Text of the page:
said in a faint whisper, "Please forgive me."

"But what have you done that I should forgive you?" the emperor asked.

"You do not know me, your majesty, but I know you. I was your sworn enemy,

and I had vowed to take vengeance on you, for during the last war you

killed my brother and seized my property. When I learned that you were

coming alone to the mountain to meet the hermit, I resolved to surprise

you on your way back to kill you. But after waiting a long time there was

still no sign of you, and so I left my ambush in order to seek you out.

But instead of finding you, I came across your attendants, who recognized

me, giving me this wound. Luckily, I escaped and ran here. If I hadn't met

you I would surely be dead by now. I had intended to kill you, but instead

you saved my life! I am ashamed and grateful beyond words. If I live, I

vow to be your servant for the rest of my life, and I will bid my children

and grandchildren to do the same. Please grant me your forgiveness."

The emperor was overjoyed to see that he was so easily reconciled with a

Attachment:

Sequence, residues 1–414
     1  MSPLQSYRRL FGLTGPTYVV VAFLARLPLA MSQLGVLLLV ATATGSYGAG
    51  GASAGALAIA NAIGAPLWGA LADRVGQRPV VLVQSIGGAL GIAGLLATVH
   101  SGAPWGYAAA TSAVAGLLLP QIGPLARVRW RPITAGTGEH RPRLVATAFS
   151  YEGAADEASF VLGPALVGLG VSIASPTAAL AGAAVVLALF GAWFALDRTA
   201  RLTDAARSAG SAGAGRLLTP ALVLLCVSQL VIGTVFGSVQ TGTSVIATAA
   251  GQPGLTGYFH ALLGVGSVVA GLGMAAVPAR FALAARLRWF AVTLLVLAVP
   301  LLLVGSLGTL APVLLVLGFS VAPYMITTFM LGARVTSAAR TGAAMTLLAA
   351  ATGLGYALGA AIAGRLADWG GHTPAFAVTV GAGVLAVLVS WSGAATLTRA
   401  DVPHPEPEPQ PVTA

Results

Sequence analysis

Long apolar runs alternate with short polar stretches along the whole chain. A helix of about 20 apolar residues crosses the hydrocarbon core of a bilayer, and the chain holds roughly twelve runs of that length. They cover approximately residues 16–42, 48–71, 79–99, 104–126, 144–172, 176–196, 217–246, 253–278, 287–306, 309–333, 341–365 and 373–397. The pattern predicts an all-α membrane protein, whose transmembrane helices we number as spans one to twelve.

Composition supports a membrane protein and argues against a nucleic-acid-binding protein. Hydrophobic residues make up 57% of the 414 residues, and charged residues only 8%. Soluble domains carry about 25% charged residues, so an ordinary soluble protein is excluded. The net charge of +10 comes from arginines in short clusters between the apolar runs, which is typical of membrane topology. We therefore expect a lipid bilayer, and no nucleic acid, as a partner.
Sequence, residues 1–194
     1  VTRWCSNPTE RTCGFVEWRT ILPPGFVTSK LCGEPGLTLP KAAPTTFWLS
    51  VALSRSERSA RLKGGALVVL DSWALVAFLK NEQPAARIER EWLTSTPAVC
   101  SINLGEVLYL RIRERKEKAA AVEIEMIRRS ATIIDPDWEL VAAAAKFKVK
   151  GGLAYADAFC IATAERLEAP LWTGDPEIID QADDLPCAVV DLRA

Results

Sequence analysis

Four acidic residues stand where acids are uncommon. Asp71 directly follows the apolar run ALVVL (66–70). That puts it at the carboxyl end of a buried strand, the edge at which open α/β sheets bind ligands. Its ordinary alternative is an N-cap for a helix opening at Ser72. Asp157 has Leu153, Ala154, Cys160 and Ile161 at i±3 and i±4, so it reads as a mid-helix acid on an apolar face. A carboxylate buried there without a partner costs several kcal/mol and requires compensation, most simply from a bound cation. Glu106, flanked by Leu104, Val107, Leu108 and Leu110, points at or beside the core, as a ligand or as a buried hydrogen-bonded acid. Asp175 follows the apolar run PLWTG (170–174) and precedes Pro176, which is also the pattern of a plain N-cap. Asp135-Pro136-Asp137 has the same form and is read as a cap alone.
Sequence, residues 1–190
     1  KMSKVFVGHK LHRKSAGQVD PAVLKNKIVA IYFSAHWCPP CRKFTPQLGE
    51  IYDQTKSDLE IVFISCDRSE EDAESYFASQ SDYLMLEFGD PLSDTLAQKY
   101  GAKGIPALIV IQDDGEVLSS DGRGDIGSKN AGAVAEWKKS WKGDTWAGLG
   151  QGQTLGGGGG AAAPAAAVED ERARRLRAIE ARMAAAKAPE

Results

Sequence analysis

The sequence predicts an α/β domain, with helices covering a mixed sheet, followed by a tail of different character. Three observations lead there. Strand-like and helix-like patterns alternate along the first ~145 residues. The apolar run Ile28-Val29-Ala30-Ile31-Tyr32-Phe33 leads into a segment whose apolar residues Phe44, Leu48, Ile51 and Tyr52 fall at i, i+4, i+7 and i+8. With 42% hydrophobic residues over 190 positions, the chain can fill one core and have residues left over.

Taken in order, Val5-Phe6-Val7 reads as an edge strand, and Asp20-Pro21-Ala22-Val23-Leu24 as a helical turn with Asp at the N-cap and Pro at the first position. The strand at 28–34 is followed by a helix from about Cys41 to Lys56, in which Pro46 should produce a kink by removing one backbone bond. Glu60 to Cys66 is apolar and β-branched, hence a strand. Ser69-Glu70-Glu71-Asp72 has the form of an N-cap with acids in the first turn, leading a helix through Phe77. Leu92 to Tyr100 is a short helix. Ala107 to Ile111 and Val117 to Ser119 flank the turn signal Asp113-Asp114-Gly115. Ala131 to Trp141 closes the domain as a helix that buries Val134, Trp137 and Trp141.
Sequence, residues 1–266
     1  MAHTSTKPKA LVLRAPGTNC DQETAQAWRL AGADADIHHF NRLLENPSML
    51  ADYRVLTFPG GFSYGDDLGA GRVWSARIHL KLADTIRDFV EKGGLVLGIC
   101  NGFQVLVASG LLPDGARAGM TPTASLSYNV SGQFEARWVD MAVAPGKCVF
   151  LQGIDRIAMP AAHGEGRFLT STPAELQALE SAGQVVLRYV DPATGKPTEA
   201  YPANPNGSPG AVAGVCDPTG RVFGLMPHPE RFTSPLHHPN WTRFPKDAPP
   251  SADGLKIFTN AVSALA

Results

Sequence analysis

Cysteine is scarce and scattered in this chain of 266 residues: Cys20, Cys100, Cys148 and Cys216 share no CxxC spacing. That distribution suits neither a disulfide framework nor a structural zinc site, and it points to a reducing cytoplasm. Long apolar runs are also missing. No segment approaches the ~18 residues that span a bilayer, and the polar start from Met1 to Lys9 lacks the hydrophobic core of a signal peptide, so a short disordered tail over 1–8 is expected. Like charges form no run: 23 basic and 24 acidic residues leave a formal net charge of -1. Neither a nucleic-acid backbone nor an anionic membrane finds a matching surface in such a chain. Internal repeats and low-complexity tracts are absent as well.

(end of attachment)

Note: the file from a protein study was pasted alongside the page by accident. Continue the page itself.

former enemy. He not only forgave the man but promised to return all the

man's property and to send his own physician and servants to wait on the

man until he was completely healed. After ordering his attendants to take

the man home, the emperor returned to see the hermit. Before returning to

the palace the emperor wanted to repeat his three questions one last time.

He found the hermit sowing seeds in the earth they had dug the day before.

The hermit stood up and looked at the emperor. "But your questions have

already been answered."

"How's that?" the emperor asked, puzzled.

"Yesterday, if you had not taken pity on my age and given me a hand with

digging these beds, you would have been attacked by that man on your way

home. Then you would have deeply regretted not staying with me. Therefore

the most important time was the time you were digging in the beds, the

most important person was myself, and the most important pursuit was to

help me. Later, when the wounded man ran up here, the most important time

was the time you spent dressing his wound, for if you had not cared for

him he would have died and you would have lost the chance to be reconciled

with him. Likewise, he was the most important person, and the most

important pursuit was taking care of his wound. Remember that there is

only one important time and is Now. The present moment is the only time

over which we have dominion. The most important person is always the

person with whom you are, who is right before you, for who knows if you

will have dealings with any other person in the future. The most important

pursuit is making that person, the one standing at you side, happy, for

that alone is the pursuit of life."

Leo Tolstoy

No comments: